John Banim

Banim, John, a distinguished novelist and poet, was born in Kilkenny, 3rd April 1798-the second son of Michael Banim, a small shopkeeper. The lad was of a wondrously sensitive and loving disposition. After attending successively two dames' schools, he was, in his fifth year, sent to Mr. Buchanan's English school in Kilkenny, and in his tenth year to the Rev. Mr. Magrath, who kept what was then considered the best Catholic school in Ireland. He commenced writing at six years of age, when he composed a fairy tale; and at ten he wrote a romance and some poems! An introduction to Moore further stimulated his literary ambition. In 1811 he was placed at Kilkenny College, where he developed such a taste for art that he determined to pursue it as a profession. After leaving the College he continued his studies at the schools of the Royal Dublin Society in Dublin, for upwards of two years. When but eighteen he returned to Kilkenny, and commenced life as an artist: an engagement of marriage with one of his lady pupils, unhappily broken off, resulted in her death, and the temporary blighting of his prospects.

In 1820, he settled in Dublin, and for a time earned a precarious livelihood by occasional literary work. In 1821 appeared his first poem, The Celt's Paradise. This gained him the acquaintance of literary men; and with Shiel's countenance he brought out The Jest, and Damon and Pythias at Covent Garden Theatre, London. We next find him back in Kilkenny, composing, in conjunction with his elder brother Michael, that series of tales upon which their fame mainly rests — The Tales by the O'Hara Family. He shortly after married a Miss Ruth, and removed to London, where he encountered the usual difficulties of a young literary man in that great city.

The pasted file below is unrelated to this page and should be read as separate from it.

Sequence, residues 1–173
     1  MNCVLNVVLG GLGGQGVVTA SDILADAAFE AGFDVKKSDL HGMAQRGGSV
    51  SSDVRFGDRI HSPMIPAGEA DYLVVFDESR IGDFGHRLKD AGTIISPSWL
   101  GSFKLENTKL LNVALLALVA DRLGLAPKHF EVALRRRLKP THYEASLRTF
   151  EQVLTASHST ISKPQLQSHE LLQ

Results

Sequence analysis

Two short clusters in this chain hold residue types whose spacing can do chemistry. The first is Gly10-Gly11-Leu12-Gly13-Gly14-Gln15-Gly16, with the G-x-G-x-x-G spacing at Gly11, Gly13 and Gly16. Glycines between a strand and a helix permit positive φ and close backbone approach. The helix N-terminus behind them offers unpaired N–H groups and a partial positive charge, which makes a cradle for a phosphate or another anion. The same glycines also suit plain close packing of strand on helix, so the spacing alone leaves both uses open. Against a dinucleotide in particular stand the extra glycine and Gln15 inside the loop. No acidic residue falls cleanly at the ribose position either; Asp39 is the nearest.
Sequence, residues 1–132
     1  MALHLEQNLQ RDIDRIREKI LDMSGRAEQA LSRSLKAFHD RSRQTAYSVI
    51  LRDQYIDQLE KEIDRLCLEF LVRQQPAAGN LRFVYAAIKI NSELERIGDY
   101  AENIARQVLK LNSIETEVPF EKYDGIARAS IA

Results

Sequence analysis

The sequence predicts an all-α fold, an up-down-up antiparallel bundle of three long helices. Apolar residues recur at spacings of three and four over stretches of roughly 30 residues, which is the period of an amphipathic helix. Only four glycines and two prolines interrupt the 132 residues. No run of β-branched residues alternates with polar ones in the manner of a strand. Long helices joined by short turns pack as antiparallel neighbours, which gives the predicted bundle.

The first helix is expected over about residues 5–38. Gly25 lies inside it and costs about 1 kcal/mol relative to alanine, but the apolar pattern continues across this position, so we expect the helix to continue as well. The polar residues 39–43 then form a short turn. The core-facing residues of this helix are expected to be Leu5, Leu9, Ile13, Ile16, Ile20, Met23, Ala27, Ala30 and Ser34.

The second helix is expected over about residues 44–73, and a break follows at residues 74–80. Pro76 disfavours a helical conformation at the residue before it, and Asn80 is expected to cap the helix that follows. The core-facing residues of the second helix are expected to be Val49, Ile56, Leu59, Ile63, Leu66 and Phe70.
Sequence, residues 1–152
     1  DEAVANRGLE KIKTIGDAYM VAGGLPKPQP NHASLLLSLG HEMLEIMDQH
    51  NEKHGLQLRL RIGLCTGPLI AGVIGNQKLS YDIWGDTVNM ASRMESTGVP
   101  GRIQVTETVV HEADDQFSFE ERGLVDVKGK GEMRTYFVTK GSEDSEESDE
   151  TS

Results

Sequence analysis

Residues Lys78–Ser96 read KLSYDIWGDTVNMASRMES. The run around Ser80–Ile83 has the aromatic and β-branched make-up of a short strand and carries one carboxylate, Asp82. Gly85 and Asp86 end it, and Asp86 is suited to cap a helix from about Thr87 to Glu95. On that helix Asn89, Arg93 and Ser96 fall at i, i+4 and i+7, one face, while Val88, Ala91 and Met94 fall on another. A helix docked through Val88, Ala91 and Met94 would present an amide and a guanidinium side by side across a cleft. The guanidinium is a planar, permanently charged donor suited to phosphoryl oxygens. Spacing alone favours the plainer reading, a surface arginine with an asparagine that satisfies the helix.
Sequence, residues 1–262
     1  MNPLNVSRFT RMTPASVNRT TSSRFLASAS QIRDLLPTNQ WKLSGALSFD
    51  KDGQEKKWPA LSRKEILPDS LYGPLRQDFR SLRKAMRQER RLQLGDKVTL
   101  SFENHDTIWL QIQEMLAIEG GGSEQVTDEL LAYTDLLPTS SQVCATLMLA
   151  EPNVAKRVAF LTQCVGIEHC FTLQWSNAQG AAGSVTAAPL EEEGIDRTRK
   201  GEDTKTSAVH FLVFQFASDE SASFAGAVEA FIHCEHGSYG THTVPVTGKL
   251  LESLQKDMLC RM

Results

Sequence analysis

His first residence was 7, Amelia-place, Brompton, the house in which Curran died. In April 1825 appeared the first series of the O'Hara tales. They were immediately successful, and The Boyne Water and other works followed in rapid succession. He befriended Gerald Griffin in his trials and difficulties, became the intimate friend of John Sterling, and for a time appeared likely to attain a permanent position as a writer. More than one visit was made to Ireland for the purpose of conscientiously examining the localities referred to in his historical tales.

In 1829 his prosperity was sadly dimmed by the death of a child, and his own and his wife's illness. Subscriptions, set on foot by the Press, enabled him to visit the Continent for a change. In 1835 he returned home a complete wreck. On his passage through Dublin, a benefit was accorded him at the Theatre Royal, whilst at Kilkenny he was received with almost regal honours. He settled in a small cottage outside the town, feelingly referred to in his works as "Windgap Cottage," where his quiet life was often enlivened by visits from Gerald Griffin and other friends. Walking was impossible to him, and he spent his time chiefly in a bath-chair in his little garden, or out driving in the vicinity of his residence. In 1837, through the kindness of the Earl of Carlisle, he received a pension of £150 per annum from the Civil List, with £40 for the education of his daughter, but his health never rallied, and the composition of the last joint work of the brothers, one of the Tales, is believed to have hastened his death, which occurred at Windgap Cottage, 1st August 1842. He was buried in St. John's graveyard, Kilkenny, aged 44.


19. Banim, John, Life. Patrick John Murray. London, 1857.